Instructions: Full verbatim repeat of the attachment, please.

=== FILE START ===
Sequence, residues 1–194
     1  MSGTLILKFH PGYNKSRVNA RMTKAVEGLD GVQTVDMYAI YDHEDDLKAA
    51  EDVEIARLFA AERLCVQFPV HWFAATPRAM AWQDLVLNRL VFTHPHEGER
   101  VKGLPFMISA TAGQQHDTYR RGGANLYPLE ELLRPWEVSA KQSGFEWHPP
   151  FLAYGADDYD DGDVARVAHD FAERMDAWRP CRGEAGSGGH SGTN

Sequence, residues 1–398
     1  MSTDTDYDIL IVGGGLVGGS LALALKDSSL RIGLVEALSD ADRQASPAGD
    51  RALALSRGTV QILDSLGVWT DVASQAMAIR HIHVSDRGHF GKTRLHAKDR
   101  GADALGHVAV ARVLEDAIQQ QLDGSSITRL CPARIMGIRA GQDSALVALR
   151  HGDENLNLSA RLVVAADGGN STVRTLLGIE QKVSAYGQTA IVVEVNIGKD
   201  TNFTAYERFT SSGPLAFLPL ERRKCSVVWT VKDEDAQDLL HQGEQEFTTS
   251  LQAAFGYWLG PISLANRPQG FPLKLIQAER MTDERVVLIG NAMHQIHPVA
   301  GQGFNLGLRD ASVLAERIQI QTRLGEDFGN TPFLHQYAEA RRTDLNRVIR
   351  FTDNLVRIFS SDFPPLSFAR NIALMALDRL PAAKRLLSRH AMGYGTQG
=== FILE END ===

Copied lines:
Sequence, residues 1–194
     1  MSGTLILKFH PGYNKSRVNA RMTKAVEGLD GVQTVDMYAI YDHEDDLKAA
    51  EDVEIARLFA AERLCVQFPV HWFAATPRAM AWQDLVLNRL VFTHPHEGER
   101  VKGLPFMISA TAGQQHDTYR RGGANLYPLE ELLRPWEVSA KQSGFEWHPP
   151  FLAYGADDYD DGDVARVAHD FAERMDAWRP CRGEAGSGGH SGTN

Sequence, residues 1–398
     1  MSTDTDYDIL IVGGGLVGGS LALALKDSSL RIGLVEALSD ADRQASPAGD
    51  RALALSRGTV QILDSLGVWT DVASQAMAIR HIHVSDRGHF GKTRLHAKDR
   101  GADALGHVAV ARVLEDAIQQ QLDGSSITRL CPARIMGIRA GQDSALVALR
   151  HGDENLNLSA RLVVAADGGN STVRTLLGIE QKVSAYGQTA IVVEVNIGKD
   201  TNFTAYERFT SSGPLAFLPL ERRKCSVVWT VKDEDAQDLL HQGEQEFTTS
   251  LQAAFGYWLG PISLANRPQG FPLKLIQAER MTDERVVLIG NAMHQIHPVA
   301  GQGFNLGLRD ASVLAERIQI QTRLGEDFGN TPFLHQYAEA RRTDLNRVIR
   351  FTDNLVRIFS SDFPPLSFAR NIALMALDRL PAAKRLLSRH AMGYGTQG